Fatal accidents have occurred in the past in a number of zoos during work involving tigers. Safety Category III animal enclosures are designed to prevent unintended contact with particularly dangerous animals, such as great apes, bears, tigers and other big cats, spotted hyenas. However, safe access to dangerous areas is dependent entirely on organisational measures.
This means that before they access an enclosure, staff must ensure that it is safe to do so. The following weak spots in particular have been identified: enclosures that are large or not easily observable, large numbers of animals e.g. in the great apes territory, exposure of the employee to mental stress, for example in the form of monotony, work pressure, traumatic events, organization ( e.g. unclear agreements or too many people with access entitlement). These factors may result in staff misjudging situations and in turn in errors occurring which in a worst-case scenario may have fatal consequences.
The objective is for an access monitoring system to be implemented that functions automatically and allows staff to access an enclosure only when it is safe for them to do so. For this purpose, safe sensors, for example employing Radio Frequency Identification (RFID), are to be selected and combined (sensor fusion) and safe access is to be enabled by means of a safe control system.
In the first phase, the work processes, ambient conditions and animal behaviour were studied with regard to the suitability of a number of sensor and actuator technologies. Searches were then conducted to determine whether the technologies currently available on the market could be used for attainment of the objective referred to above. The project was divided into two parts:
1. Access monitoring
For this part, a safety concept was developed which permits access to an enclosure only if the adjacent guillotine doors (for entry by animals) are closed and interlocked against re-opening whilst access by persons to the enclosure is still possible. Sensors, actuators and control components suitable for this purpose were identified. The results were summarized in an information paper produced by the VBG and serving as guidance for zoos.
2. Animal detection
A market survey was first conducted to determine to what extent the sensor technologies and safety concepts commonly used in machine guarding are suitable for this application. Since the technologies currently available did not appear suitable, new monitoring concepts were developed.
With the support of external partners (Assion electronic GmbH, TH Köln), the suitability of these concepts in principle was tested, and initial functional models were developed. These safety systems were developed with funding by a research grant from the German Federal Ministry of Economics and Technology (BMWi), which was initiated by the project.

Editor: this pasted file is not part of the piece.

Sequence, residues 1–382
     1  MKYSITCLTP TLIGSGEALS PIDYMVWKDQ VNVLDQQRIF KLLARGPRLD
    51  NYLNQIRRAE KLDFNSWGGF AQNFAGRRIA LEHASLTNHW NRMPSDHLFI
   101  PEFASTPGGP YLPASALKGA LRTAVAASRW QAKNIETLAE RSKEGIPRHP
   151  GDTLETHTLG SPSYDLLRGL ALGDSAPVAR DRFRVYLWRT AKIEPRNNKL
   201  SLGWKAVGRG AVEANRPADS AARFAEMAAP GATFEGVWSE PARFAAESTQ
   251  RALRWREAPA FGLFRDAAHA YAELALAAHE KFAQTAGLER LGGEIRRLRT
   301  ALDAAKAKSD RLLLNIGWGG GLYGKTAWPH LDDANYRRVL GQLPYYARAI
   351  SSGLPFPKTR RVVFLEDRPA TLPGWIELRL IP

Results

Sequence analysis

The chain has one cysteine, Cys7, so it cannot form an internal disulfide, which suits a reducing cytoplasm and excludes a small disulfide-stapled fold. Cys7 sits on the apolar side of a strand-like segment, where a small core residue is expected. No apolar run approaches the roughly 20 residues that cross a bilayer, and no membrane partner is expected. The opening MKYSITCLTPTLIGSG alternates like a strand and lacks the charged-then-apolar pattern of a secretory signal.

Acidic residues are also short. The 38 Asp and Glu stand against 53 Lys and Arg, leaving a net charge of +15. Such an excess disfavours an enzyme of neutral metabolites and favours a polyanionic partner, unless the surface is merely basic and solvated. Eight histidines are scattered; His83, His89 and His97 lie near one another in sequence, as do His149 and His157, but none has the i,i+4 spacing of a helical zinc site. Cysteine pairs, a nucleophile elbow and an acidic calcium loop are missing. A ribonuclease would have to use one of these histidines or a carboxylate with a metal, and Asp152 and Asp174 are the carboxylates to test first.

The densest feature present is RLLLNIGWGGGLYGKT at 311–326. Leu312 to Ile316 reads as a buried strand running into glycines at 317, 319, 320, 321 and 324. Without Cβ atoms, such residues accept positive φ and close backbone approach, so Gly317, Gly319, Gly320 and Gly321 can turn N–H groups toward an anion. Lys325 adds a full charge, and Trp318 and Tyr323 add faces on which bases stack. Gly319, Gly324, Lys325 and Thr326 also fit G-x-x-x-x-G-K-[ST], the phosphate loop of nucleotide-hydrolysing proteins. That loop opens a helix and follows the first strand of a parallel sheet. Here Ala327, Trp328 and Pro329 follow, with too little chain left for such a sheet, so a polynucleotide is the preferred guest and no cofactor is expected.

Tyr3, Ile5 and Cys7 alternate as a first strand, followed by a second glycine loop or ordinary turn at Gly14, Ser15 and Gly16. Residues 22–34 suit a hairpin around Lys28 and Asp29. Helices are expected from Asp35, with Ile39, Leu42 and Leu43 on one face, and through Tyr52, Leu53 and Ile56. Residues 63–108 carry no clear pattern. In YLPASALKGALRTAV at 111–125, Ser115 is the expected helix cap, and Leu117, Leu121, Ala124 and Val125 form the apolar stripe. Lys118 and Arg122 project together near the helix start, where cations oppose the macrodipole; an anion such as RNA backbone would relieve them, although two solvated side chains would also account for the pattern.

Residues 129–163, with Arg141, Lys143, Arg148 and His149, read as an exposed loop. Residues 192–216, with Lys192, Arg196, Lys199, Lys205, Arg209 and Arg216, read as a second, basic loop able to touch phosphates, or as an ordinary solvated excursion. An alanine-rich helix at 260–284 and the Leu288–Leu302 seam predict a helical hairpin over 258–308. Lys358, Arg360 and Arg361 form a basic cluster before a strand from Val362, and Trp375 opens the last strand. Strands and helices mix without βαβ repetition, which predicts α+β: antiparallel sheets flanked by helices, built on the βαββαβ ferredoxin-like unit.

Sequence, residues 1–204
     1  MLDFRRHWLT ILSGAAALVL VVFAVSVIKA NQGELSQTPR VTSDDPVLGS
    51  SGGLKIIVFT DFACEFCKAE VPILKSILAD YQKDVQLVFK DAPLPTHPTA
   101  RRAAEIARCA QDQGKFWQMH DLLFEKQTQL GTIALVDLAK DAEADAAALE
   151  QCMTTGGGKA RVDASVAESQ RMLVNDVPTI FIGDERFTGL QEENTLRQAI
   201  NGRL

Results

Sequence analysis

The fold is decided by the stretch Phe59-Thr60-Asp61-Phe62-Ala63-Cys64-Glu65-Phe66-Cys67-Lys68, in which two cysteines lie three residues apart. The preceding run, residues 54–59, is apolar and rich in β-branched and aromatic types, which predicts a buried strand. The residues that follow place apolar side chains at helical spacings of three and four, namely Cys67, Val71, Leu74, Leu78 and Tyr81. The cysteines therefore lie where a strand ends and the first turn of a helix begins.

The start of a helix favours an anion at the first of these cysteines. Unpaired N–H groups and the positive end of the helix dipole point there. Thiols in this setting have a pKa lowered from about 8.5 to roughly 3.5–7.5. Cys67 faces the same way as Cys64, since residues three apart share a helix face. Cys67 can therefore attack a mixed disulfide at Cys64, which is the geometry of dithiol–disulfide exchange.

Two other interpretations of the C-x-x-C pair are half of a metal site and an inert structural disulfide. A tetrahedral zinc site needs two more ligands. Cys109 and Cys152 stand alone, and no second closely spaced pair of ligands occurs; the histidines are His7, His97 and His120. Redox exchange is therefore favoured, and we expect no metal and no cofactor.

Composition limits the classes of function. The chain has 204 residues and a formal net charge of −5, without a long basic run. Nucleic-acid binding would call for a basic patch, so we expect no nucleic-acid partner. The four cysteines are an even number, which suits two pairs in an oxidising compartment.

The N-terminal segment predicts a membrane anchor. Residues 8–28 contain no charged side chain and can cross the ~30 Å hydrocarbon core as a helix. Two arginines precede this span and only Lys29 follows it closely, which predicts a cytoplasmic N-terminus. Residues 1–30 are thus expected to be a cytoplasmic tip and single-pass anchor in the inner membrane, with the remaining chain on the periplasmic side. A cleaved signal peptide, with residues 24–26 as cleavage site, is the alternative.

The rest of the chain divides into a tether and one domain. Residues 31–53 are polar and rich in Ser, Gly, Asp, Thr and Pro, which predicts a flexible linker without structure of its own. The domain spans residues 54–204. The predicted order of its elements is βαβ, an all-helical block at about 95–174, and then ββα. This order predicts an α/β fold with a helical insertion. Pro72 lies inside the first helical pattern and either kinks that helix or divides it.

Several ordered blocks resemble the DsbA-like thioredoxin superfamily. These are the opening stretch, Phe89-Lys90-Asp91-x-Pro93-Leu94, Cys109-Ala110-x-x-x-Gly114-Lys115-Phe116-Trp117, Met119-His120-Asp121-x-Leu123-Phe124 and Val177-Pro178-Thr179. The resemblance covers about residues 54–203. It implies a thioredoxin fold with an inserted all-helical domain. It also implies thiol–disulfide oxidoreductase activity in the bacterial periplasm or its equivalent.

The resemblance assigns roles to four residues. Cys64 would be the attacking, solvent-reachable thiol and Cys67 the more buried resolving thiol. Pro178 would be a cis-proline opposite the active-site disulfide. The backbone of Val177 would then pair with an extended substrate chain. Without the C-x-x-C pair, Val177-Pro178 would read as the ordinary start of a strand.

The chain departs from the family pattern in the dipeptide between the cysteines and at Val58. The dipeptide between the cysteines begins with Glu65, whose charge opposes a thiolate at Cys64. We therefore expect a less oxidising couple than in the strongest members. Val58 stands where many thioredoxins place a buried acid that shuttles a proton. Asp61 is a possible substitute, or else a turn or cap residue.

Basic requirements were agreed for locking systems in animal enclosures. These locking systems are based on safety concepts commonly used in machine construction, and consist of guard locking, position switches and safety control systems. They prevent keepers from entering animal enclosures whilst the adjacent animal entries are not closed. The results were published in the VBG information paper “Requirements for interlock systems in Level III enclosures – Tips for the introduction of an extended safety concept”.
Two new systems were developed with research funding from the BMWi. At present they are considered suitable in principle for implementing reliable animal detection. The first system is a transponder system employing newly developed RFID transponders. These can be implanted in the animals, and also have a greater read range than the commercially available transponders. The second system is camera-based and enables the animals to be detected and identified by their fur markings. The location of the animals within the enclosure can thus be determined and used for access protection.
Further studies into the suitability of the two systems are however necessary, since as yet these concepts have been implemented only in purely functional terms and are not designed as safe systems for occupational safety and health purposes. This would require the integration of error detection measures such as plausibility checks, self-tests, etc. The studies are planned as part of a follow-on project, the objective of which is to ensure both the evaluation and the engineered safety of the newly developed systems.
administrationsType of hazard:
-various, mechanical hazards, unfavorable, adverse work environmentCatchwords:
industrial accident, accident preventionDescription, key words:
keeping of wild animals, fatal accidents in animal enclosures, great apes, bears, tigers and other big cats, spotted hyenas